Original languageEnglish (US)
Article numberegq075
Pages (from-to)113-146
Number of pages34
JournalJournal of Petrology
Volume52
Issue number1
DOIs
StatePublished - Jan 1 2011

Fingerprint

Canary Islands
Lithology
pyroxenite
lithology
peridotite
olivine
melt
Earth mantle
Rocks
rocks
basalt
shield
rock
mid-ocean ridges
lower mantle
mid-ocean ridge basalt
plumes
Archean
crusts
plume

All Science Journal Classification (ASJC) codes

  • Geochemistry and Petrology
  • Geophysics

Keywords

  • Mantle
  • Olivine
  • Peridotite
  • Pyroxenite

Cite this

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title = "Identification of source lithology in the Hawaiian and Canary Islands: Implications for origins",
abstract = "Results are reported of an exploration of mantle source lithology for intraplate magmas using whole-rock and olivine phenocryst compositions. This analysis includes modern mid-ocean ridge basalts and Archean komatiites as low- and high-temperature reference frames. It is shown that the Ni, Ca, Mn, and Fe/Mn contents of olivine phenocrysts in modern mid-ocean ridge basalts and Archean komatiites are consistent with a normal peridotite source. In contrast, olivine phenocrysts in shield-building lavas on Hawaii are higher in Ni and Fe/Mn, and lower in Mn and Ca than those expected to crystallize from meltsofanormalperidotitesource, and point to the importance of pyroxenite as proposed by Sobolev and co-workers. Hawaiian shield stage lavas and their olivine phenocrysts are similar to those expected from partial melts ofa100{\%} stage 2 pyroxenite source. Such a source might form from a variety of melt-rock, melt-melt, and rock-rock reactions. Primary pyroxenite-derived magmas have a range of SiO2 contents thatarepositivelycorrelatedwith187Os/188Osand negativelycorrelated with 3He/4He. These results are consistent with a Hawaiian plume containing recycled crust within a peridotite matrix. Variable amounts of free silica are inferred in Hawaiian pyroxenite sources, which contribute to the production of SiO2-rich magmas. In contrast, peridotite and olivine pyroxenite melting are inferred to produce SiO2-poor pre-shield magmas at Loihi. The interaction of SiO2-rich and -poor magmas in the Hawaiian plume will trigger crystallization, not mixing. Mixing is permitted at low pressures in melt conduits and magma chambers, and work on olivine-hosted melt inclusions will be useful to evaluate its importance. In contrast to Hawaii, many ocean island basalts in localities such as the Canary Islands are deficient in SiO2, and may have been generated by partial meltingofolivine pyroxenitesthat formed bysolid-state reaction between recycled crust + peridotite in the lower mantle. There is likely to be a wide range of whole-rock pyroxenite compositions in the mantle, as well as significant variability in Mn and Fe/Mn in both peridotite partial melts and their olivine phenocrysts. In general, there are not likely to be well-defined end-member peridotite and pyroxenite sources in the mantle. Nevertheless, taxonomical difficulties encountered in source lithology identification may yield rich rewards, such as a better understanding of the relationship between lithological diversity in the lower mantle and itspetrological expression in intraplate magmatism.",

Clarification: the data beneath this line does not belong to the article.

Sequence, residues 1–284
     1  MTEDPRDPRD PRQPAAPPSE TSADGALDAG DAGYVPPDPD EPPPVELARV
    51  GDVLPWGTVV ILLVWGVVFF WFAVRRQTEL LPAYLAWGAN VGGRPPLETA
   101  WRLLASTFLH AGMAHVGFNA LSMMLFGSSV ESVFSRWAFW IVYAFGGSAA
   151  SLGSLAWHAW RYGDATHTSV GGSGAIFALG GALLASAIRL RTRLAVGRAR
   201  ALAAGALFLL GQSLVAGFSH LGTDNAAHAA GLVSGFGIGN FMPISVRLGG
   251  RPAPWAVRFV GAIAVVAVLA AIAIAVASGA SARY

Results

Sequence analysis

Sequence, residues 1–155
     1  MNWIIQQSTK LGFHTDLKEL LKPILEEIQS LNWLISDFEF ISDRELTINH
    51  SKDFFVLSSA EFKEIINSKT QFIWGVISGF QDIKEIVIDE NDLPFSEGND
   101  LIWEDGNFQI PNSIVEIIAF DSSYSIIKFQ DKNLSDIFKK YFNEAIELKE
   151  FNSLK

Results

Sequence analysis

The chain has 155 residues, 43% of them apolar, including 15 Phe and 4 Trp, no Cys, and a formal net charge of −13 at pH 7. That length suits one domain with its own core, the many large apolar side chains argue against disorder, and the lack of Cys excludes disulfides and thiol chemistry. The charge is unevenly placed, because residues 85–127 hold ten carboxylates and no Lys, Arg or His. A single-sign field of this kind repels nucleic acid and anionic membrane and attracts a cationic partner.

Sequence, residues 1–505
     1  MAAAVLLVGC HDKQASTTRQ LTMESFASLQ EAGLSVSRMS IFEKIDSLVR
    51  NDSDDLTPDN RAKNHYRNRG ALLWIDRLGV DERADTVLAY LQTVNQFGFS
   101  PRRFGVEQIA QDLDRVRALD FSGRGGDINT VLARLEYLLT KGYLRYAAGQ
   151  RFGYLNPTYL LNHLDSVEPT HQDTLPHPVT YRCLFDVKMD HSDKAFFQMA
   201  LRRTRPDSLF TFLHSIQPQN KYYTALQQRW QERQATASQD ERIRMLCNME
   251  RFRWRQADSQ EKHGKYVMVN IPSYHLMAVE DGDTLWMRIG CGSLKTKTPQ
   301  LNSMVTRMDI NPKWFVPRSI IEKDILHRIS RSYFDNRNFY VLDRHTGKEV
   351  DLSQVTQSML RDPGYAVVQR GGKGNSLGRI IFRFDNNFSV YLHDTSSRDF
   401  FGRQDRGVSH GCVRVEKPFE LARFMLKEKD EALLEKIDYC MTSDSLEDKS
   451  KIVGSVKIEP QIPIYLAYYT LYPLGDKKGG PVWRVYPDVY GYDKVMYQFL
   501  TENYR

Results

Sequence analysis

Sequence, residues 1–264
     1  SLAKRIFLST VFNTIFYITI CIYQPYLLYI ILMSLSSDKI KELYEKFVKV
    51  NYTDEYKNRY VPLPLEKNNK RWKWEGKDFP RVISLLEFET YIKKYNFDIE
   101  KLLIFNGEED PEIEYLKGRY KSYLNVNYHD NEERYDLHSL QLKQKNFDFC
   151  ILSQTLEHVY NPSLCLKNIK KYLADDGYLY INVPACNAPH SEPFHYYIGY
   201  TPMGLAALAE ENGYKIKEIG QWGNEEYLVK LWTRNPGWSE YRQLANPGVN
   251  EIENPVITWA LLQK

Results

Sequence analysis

keywords = "Mantle, Olivine, Peridotite, Pyroxenite",
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Identification of source lithology in the Hawaiian and Canary Islands : Implications for origins. / Herzberg, Claude.

In: Journal of Petrology, Vol. 52, No. 1, egq075, 01.01.2011, p. 113-146.

Research output: Contribution to journalArticle